Many of you are cringing at the thought of charging more than list price for parts. But then, many of you consistently charge less than the list price. Shouldn?t that be wrong also? Neither should be wrong. If you can afford to discount parts, fine. If you need to charge more than the manufactures suggested retail price, that?s fine also. Yes folks, those prices listed in Pathways, Pen Pro and Ultramate are just Manufacturers Suggested Retail Prices. Remember that term?

Every shop owner needs to determine the gross profit margin needed and then set parts list prices based on that need. Get out of the habit of disclosing invoices to insurance companies just because they ask for them. It?s none of their damn business what you pay for parts and what you charge for them. The same goes for used prices. Where is it written that 25% is the magic markup amount for used parts. That?s only a 20% gross profit margin. That might not be enough for your business.

Please do remember, though, you still have to be somewhat competitive. Don?t get carried away and decide that you want to make a 50% gross profit on parts and double your cost. You?ll give your customers reason to take their vehicles elsewhere. Remember also, unless your shop is losing money, gross profit on parts translates directly to net profit, money in your pocket. The next time you agree to a 10% discount on parts to appease a DRP relationship, figure out what that means in actual dollars. It?s like pulling that money right out of your wallet and handing it to the insurance company. Don?t you have a better use for that money?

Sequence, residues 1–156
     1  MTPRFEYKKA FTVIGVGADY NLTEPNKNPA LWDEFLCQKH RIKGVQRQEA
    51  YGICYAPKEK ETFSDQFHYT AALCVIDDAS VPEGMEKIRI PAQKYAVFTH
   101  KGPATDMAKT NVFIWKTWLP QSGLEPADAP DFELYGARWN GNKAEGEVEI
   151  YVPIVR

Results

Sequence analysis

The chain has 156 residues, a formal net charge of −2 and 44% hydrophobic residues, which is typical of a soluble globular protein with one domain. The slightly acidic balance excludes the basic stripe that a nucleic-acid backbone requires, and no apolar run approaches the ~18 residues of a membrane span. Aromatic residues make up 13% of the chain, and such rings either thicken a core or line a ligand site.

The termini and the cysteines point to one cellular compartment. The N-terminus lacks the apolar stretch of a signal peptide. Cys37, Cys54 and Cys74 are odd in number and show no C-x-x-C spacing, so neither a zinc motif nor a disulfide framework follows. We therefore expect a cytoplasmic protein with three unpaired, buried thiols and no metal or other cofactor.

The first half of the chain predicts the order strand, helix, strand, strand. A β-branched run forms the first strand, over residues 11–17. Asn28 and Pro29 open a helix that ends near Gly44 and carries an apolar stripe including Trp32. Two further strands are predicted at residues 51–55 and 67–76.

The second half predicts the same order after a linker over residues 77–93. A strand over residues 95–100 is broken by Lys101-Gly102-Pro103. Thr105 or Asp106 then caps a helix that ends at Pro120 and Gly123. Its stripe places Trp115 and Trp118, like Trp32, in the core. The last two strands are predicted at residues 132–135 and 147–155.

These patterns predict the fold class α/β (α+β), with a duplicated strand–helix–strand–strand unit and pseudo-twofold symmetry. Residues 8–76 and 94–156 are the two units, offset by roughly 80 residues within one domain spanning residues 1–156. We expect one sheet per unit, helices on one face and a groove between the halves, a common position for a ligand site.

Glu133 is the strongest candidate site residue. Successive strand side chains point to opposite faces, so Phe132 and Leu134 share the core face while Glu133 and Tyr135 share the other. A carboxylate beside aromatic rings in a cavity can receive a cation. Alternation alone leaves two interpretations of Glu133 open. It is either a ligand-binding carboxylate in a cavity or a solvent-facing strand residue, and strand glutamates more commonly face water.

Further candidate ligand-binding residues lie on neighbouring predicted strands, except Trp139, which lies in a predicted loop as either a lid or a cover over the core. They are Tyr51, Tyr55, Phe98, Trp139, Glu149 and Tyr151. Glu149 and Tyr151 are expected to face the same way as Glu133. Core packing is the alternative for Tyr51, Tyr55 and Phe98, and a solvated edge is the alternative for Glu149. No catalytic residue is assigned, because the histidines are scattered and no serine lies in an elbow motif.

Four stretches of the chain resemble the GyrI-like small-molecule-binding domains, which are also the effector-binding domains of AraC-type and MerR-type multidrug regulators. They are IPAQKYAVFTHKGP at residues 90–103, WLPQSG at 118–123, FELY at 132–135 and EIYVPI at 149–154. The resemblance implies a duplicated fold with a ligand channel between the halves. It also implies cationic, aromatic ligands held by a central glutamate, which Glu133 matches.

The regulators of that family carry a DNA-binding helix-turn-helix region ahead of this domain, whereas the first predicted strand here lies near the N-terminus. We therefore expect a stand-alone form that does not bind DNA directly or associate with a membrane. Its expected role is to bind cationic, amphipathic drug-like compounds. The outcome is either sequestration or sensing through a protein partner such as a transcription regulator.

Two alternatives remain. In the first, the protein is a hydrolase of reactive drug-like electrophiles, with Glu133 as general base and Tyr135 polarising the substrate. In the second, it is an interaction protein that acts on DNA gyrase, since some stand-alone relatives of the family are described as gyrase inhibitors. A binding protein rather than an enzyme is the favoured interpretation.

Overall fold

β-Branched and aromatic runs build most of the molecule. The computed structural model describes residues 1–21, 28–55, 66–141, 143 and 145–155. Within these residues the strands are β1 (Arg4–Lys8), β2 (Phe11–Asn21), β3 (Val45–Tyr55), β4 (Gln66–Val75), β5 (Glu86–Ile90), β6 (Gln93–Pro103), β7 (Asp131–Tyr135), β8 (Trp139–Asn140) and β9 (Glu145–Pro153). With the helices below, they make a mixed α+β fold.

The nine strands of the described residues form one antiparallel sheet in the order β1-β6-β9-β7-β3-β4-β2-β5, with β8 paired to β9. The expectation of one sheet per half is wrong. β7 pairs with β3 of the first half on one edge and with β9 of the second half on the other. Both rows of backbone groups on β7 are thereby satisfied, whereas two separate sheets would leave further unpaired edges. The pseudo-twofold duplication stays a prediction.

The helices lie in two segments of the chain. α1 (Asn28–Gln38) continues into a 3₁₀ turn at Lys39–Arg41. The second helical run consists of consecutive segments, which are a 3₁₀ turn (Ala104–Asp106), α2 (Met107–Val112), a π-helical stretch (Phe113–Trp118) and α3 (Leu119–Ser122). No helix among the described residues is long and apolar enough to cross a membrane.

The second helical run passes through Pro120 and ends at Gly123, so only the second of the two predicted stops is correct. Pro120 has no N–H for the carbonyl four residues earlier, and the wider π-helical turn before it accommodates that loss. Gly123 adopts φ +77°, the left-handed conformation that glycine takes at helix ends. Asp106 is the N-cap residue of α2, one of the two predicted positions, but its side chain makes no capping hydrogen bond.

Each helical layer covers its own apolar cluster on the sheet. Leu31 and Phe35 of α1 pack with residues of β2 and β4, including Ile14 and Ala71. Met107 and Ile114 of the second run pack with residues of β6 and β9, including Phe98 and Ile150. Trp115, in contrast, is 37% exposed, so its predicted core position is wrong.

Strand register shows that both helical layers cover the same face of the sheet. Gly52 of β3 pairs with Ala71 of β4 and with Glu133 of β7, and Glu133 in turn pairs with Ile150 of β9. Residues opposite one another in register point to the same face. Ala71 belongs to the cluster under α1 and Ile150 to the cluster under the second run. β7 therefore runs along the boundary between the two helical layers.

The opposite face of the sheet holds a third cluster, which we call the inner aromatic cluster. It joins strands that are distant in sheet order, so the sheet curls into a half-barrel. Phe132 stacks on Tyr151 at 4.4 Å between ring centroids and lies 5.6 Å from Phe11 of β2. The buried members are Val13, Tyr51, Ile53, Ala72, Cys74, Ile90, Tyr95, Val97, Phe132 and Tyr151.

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One Comment on Playing with Parts Prices Pays

  1. I'm already on to this! on Thu, 4th Mar 2004 2:42 pm
  2. I totally agree with you and have found my own way getting my profit. First of all, I figured out years ago what the difference was between markup and gross profit margin on parts. But trying to convince someone at Farmers or State Farm or whomever, was like talking to the dead. Most people in our business, whether insurance or body shop are not very informed on economics nor can they understand these differences once you try to explain them. Then there are those that understand completely (like how when you turn on the cost plus markup in Mitchell, you get that missing percentage you were looking for and how multiplying by 1.25 is only a 20% GPM), but just don’t give a hoot. Their stuck in yesteryear. I keep my cost plus turned on and more than 50% of the time, no one notices and pays me a true 25% or even higher. I commonly get 35%-40% GPM on used parts. Now, about the (suggested retail) price of new parts. I made some changes here as well. I went into that same screen in Mitchell were you add your percentages for used parts and the cost plus factor, and I added 5% to all other parts, whether new, a/m, recored, rechromed, etc. Guess what, I have been paid that GPM more than not, cause appraisers never catch it or understand it on the estimate. Another thing, while were talking about parts, why in the daylights doesn’t somebody figure out that LKQ (like, Kind and Quality) refers to aftermarket parts, not used! Quality replacement parts are used parts! This is another industry goof up (like so many), that no one has corrected. No wonder we don’t get any respect. It’s like the morons of the world paying for and fixing vehicles.